The United Nations Security Council has given the green light to the deployment of an armed multinational force to Haiti, as the Caribbean nation battles rampant gang violence and political paralysis.
The decision comes after repeated calls for military assistance from Haitian Prime Minister Ariel Henry. Secretary General of the United Nations Antonio Guterres and the United States have also strongly urged the international community to support such a mission.
Thirteen council members voted in favor of the resolution, with Russia and China abstaining.
Although approved by the powerful UN Security Council, the force would not be formally under UN control. It is expected to be led by Kenya, which has promised 1000 police officers to lead the mission. Several of Haiti’s Caribbean neighbors – Antigua and Barbuda, Bahamas and Jamaica – have also offered support to the mission.
The “multinational security support” force will have a 12-month mandate in Haiti. The time of its arrival has not yet been set and more countries have been invited to participate. The resolution also calls for a global halt to arms sales to Haiti, except for approved security purposes.
An adviser to Haitian Prime Minister Henry, Jean-Junior Joseph, told CNN that the government welcomed the vote, adding: “We look forward to the mission of combating general insecurity.”
Warring gangs control much of Port-au-Prince – Haiti’s capital and main port – cutting off vital supply lines to the rest of the country. Gang members have also terrorized the metropolitan population, forcing about 200,000 people to flee their homes amid waves of indiscriminate killings, kidnappings, arson and rape.
The mission is expected to strengthen local security and reinforce the Haitian National Police in its pursuit of gangs. Haiti’s security forces already receive some international support, but remain understaffed and underarmed.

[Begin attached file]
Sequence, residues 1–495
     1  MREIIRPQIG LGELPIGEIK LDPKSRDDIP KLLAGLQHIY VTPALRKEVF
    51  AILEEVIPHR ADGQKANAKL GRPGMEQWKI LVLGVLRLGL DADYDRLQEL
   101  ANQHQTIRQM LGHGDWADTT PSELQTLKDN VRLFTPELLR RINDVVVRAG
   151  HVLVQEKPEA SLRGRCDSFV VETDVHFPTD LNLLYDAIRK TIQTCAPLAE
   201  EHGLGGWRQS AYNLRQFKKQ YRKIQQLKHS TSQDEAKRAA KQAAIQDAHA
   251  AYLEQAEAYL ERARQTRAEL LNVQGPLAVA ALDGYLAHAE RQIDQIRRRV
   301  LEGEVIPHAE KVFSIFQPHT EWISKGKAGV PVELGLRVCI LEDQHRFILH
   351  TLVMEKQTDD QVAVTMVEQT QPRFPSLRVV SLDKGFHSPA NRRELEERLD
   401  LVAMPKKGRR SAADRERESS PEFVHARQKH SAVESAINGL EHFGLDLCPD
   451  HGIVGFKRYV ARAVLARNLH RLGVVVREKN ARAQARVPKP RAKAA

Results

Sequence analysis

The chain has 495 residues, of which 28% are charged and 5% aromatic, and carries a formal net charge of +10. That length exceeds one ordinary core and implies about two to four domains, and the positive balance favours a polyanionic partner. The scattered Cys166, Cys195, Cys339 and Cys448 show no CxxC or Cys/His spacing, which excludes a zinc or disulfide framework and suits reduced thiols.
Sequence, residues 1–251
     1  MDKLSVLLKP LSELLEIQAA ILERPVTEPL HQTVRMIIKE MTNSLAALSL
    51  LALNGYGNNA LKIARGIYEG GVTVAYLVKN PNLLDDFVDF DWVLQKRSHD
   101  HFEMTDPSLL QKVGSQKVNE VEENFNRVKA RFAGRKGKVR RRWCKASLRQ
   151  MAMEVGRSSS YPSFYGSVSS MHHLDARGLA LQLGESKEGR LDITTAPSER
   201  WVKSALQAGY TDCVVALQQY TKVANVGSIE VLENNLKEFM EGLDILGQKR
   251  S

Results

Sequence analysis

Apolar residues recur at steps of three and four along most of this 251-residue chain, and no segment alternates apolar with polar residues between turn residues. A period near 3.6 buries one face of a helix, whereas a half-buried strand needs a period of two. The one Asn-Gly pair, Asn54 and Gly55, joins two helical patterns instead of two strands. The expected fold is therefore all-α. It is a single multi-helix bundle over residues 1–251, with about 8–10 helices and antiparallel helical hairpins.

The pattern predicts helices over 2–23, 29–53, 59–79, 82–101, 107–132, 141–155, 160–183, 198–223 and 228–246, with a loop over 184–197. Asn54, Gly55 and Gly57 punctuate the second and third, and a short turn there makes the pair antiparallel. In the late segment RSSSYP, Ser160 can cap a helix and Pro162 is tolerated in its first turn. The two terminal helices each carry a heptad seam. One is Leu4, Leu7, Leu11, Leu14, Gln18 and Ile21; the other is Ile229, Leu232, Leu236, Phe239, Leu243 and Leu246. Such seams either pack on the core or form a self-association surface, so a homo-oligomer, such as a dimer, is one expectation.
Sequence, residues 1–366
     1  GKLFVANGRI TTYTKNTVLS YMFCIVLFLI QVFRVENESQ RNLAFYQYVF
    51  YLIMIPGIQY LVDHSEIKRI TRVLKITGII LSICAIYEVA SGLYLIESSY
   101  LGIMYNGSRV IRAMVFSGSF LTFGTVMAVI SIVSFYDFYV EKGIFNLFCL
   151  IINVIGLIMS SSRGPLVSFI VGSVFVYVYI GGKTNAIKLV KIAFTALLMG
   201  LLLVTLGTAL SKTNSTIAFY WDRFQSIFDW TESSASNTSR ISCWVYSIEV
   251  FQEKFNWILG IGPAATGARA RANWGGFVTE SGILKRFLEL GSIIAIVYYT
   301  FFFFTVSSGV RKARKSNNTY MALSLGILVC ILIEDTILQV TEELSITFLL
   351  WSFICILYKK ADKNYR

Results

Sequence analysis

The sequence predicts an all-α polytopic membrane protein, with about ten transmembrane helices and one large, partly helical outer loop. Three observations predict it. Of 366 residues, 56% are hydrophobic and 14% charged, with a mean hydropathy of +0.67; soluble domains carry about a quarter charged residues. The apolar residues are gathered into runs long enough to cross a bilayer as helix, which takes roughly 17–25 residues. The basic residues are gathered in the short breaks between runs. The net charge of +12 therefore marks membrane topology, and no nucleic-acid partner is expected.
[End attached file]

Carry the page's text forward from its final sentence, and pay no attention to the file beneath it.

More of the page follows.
In his speech to the United Nations General Assembly in New York on September 22, Prime Minister Henry told his brother countries that it was “urgent” that the Security Council approve a military mission to restore order. The violence has exacerbated broader instability across the country, Henry said, noting that inflation has soared more than 50%, leaving 4.9 million Haitians struggling to eat, a depressing new record for the country.
In a statement on the same day, United States Secretary of State Antony Blinken. urged The international community supported the plan and provided assistance, including personnel, and said Washington was ready to provide “robust” financial and logistical assistance.
The Security Council has found itself in repeated deadlocks in recent years amid deepening geopolitical rivalries. A statement from U.S. Ambassador to the U.N. Linda Thomas-Greenfield described Monday’s decision on Haiti as “historic” and said the mission “speaks to the U.N.’s ability to galvanize collective action.”
Speaking at the Security Council after the vote, China’s ambassador to the UN, Zhang Jun, said his country had “a cautious and responsible approach” towards authorizing the use of force, but that in the case of Haiti , China’s abstention represented a “constructive stance” toward the resolution.
Russia’s U.N. envoy Vassily Nebenzia criticized the move in remarks to the council, saying that “sending the armed forces of another state to any country, even if it requests it, is an extreme measure that must be carefully thought out.” “, but noted “some positive elements.” to the approved resolution.
Both Russia and China expressed approval of the resolution’s arms embargo.
Critics of the mission have previously pointed to scandals associated with UN peacekeeping missions in Haiti, including allegations of sexual abuse and the introduction of a deadly cholera epidemic, which killed nearly 10,000 people. Some Haitians also question the mandate of Prime Minister Henry, who assumed leadership of the country after the assassination of President Jovenel Moise in 2021.
Henry has said that Haiti’s long-awaited elections cannot be held until the country reaches a basic level of security.
The United Nations special representative in Haiti, María Isabel Salvador, said her office would support the mission “within the limits of its mandate,” while emphasizing that “unlike recent international missions deployed in Haiti, the mission MSS is not a UN mission. ”